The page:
Valerdi leads the development of COSYSMO with the support of the Lean Advancement Initiative Consortium Members, USC Center for Systems & Software Engineering Corporate Affiliates, and the Air Force Space & Missile Systems Center.
Valerdi is a member of the NSF-funded IMPACT project that explores the impact of Software Engineering research on programming practice. Working with Barry Boehm, they are completing a study in the area of software resource estimation.
Valerdi brings together sponsored research projects and a consortium of leaders from industry, government, and academia to answer big-picture questions such as:
- How do we model complexities in systems?
- What implications do these complexities have on their life cycle cost?
- What limitations do humans have in their ability to forecast future events (i.e., cost, schedule, performance of systems)?
- How can we enable humans so that their decisions are more accurate?
His work is uniquely positioned within the Engineering Systems Division at MIT, as a new kind of interdisciplinary academic unit that spans most departments within the School of Engineering, as well as the School of Science, the School of Humanities, Arts, and Social Sciences, and the Sloan School of Management. His collaborators include colleagues from computer science, management, industrial engineering, aerospace engineering, political science, sociology, and psychology.
The introduction of autonomous systems, and autonomous systems of systems (SoS), have brought significant and interesting challenges. These challenges are not only technological, but also include public perception and operational requirements. As we approach fully autonomous systems over a 30-year horizon, testing becomes enormously more difficult. Therefore, testing and evaluation of unmanned and autonomous systems and SoS has become an area of renewed concern to ensure effective missions while maintaining safety during operation. Current testing approaches lack the ability to predict and adapt to operating environments.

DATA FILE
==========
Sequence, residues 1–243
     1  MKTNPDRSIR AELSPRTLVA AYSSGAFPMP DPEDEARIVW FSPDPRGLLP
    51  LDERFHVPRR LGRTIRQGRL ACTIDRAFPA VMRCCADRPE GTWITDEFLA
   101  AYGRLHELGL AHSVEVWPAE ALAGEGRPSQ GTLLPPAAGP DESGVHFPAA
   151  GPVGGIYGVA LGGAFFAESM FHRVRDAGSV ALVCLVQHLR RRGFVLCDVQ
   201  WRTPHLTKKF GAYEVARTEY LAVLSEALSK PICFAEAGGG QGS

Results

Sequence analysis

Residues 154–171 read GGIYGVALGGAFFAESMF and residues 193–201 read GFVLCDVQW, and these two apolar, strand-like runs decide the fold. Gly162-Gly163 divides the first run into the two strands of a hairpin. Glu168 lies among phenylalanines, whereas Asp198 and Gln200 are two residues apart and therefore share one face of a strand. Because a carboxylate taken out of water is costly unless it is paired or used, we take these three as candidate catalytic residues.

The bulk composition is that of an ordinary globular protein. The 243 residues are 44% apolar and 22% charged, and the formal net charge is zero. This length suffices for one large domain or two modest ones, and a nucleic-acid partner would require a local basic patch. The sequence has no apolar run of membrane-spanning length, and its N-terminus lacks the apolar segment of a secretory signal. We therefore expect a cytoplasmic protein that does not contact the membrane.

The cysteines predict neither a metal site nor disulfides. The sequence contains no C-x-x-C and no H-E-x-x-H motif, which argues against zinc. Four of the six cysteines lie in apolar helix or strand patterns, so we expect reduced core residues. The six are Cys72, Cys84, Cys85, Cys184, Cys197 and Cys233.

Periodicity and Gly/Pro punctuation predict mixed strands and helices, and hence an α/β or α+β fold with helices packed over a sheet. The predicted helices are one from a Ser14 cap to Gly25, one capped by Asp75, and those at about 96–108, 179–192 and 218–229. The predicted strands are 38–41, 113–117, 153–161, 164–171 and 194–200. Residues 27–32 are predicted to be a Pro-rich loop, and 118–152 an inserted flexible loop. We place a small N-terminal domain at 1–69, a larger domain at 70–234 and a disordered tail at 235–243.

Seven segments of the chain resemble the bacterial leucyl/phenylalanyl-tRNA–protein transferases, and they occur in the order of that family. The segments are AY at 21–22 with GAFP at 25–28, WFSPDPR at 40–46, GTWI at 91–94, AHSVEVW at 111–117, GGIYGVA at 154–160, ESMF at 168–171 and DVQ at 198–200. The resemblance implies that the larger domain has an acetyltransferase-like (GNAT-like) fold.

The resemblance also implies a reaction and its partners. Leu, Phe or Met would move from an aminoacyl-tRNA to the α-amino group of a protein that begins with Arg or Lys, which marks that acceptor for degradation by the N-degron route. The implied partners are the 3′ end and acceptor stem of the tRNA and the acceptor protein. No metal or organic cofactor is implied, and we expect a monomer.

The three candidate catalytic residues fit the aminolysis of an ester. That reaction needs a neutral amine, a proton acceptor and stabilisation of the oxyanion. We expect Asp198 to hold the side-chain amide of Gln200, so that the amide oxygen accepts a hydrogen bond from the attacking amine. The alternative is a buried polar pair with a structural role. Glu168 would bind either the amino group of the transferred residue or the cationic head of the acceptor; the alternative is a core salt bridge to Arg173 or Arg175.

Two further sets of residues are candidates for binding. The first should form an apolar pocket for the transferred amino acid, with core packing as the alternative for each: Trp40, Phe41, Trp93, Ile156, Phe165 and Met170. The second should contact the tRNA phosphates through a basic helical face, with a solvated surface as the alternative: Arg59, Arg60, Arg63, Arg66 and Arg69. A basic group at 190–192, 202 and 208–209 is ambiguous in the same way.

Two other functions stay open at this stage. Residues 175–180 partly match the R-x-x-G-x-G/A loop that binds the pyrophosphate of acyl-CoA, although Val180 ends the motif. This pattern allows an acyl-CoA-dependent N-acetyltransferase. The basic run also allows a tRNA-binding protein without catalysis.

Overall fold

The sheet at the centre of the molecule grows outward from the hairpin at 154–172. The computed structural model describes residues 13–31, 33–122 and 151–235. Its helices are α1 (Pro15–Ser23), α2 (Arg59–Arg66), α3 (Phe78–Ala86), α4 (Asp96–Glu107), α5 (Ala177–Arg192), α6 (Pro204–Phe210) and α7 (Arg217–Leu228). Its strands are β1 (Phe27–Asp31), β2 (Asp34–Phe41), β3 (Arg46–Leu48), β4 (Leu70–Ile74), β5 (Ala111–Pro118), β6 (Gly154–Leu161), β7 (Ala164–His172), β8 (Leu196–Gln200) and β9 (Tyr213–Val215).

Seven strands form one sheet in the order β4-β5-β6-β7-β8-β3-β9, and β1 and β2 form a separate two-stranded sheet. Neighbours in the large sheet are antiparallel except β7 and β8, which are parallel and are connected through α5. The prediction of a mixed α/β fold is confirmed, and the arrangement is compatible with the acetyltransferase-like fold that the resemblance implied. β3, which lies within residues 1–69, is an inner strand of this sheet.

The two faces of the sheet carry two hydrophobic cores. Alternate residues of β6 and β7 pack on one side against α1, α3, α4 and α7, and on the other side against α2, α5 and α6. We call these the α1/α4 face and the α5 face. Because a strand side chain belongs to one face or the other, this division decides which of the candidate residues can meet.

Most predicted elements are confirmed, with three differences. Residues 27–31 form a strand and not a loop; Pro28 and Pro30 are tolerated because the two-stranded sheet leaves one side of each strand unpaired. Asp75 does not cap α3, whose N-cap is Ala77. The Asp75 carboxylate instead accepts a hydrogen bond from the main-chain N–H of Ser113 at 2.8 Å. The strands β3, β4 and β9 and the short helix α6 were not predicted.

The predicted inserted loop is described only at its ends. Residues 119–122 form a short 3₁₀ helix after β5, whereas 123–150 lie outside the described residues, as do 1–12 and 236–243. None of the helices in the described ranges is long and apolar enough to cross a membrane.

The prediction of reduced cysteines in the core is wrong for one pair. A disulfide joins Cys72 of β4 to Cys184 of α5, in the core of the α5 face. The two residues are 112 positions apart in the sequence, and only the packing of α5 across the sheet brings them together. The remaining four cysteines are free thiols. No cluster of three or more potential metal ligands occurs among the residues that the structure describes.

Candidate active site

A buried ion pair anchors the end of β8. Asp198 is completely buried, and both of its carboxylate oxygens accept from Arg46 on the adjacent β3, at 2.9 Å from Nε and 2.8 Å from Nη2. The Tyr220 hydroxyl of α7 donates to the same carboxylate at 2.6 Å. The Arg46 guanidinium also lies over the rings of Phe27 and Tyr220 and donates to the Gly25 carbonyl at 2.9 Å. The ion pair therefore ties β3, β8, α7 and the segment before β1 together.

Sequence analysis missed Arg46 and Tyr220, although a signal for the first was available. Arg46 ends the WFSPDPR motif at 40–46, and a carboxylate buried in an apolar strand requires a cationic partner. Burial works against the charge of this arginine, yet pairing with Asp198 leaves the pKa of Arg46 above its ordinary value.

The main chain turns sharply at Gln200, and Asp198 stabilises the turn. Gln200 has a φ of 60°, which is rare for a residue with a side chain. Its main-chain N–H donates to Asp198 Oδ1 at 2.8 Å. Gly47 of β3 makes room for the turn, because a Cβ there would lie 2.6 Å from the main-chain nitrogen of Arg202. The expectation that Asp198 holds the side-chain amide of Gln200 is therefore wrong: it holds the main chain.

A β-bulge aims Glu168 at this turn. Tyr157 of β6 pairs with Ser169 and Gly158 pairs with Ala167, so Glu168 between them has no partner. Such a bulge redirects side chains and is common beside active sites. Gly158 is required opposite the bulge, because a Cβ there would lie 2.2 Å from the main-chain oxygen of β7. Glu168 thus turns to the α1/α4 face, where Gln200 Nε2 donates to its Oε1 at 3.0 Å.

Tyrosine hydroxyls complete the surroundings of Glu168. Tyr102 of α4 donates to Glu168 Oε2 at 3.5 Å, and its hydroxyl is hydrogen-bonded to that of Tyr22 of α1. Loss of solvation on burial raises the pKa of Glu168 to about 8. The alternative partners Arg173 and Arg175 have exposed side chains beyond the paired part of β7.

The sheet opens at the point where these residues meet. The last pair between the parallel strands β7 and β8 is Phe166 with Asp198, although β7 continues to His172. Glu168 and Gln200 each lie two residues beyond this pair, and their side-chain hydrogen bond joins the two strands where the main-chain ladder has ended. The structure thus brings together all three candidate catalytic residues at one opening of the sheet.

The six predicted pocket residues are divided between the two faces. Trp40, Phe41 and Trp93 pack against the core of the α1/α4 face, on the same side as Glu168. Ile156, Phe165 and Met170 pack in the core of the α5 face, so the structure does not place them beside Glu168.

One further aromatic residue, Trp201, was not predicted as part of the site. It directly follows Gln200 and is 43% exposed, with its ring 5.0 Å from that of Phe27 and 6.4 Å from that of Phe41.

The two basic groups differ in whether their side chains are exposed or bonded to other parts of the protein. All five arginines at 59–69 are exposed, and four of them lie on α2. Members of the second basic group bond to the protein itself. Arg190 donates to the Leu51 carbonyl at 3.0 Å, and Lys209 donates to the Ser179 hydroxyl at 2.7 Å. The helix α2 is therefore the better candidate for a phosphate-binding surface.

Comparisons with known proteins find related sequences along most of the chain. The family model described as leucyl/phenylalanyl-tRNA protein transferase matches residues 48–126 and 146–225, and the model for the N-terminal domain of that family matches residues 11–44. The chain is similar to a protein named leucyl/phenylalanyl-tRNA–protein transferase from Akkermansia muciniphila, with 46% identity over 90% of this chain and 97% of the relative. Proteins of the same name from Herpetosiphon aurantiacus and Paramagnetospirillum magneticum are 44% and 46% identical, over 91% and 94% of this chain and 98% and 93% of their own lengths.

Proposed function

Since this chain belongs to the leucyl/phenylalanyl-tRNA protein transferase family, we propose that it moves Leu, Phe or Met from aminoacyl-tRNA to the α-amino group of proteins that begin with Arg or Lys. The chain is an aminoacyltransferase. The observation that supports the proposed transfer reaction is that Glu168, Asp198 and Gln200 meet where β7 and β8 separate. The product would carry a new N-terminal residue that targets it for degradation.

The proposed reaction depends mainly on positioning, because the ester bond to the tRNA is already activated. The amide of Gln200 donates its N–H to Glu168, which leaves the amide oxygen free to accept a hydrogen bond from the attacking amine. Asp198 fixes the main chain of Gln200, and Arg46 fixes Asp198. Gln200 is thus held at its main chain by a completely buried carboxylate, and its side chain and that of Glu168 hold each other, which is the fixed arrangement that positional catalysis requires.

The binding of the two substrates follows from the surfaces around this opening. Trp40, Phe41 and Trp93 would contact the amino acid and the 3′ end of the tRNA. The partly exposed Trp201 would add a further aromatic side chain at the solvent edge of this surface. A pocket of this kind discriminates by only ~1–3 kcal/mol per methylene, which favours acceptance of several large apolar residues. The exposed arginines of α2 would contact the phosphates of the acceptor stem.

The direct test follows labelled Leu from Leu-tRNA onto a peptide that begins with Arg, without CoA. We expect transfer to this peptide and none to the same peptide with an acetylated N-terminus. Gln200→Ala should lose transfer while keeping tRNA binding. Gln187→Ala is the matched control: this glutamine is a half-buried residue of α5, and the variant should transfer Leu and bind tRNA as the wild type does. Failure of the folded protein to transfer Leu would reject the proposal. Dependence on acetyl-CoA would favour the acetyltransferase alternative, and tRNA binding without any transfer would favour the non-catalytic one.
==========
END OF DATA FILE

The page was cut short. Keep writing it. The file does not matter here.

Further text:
In the complex systems community, alternative approaches to the design of testing can be proposed including solutions based on component technology, design patterns, and resource allocation techniques. It is proposed that an architectural framework for the test and analysis of Unmanned Autonomous Adaptive Systems can provide a key, new contribution: the capability to predict when a system needs to adapt. PATFrame is a prescriptive and adaptive framework for UAS SoS testing to be implemented in a decision support system Prescriptive and Adaptive Testing Framework (PATFrame). The proposed framework is a novel integration of control-theory-based adaptation, multi-criteria decision making and component-based engineering techniques. The goal is to augment traditional DoDAF guidance towards capability-driven development with test architecture and test models specific to the UAS technology sector.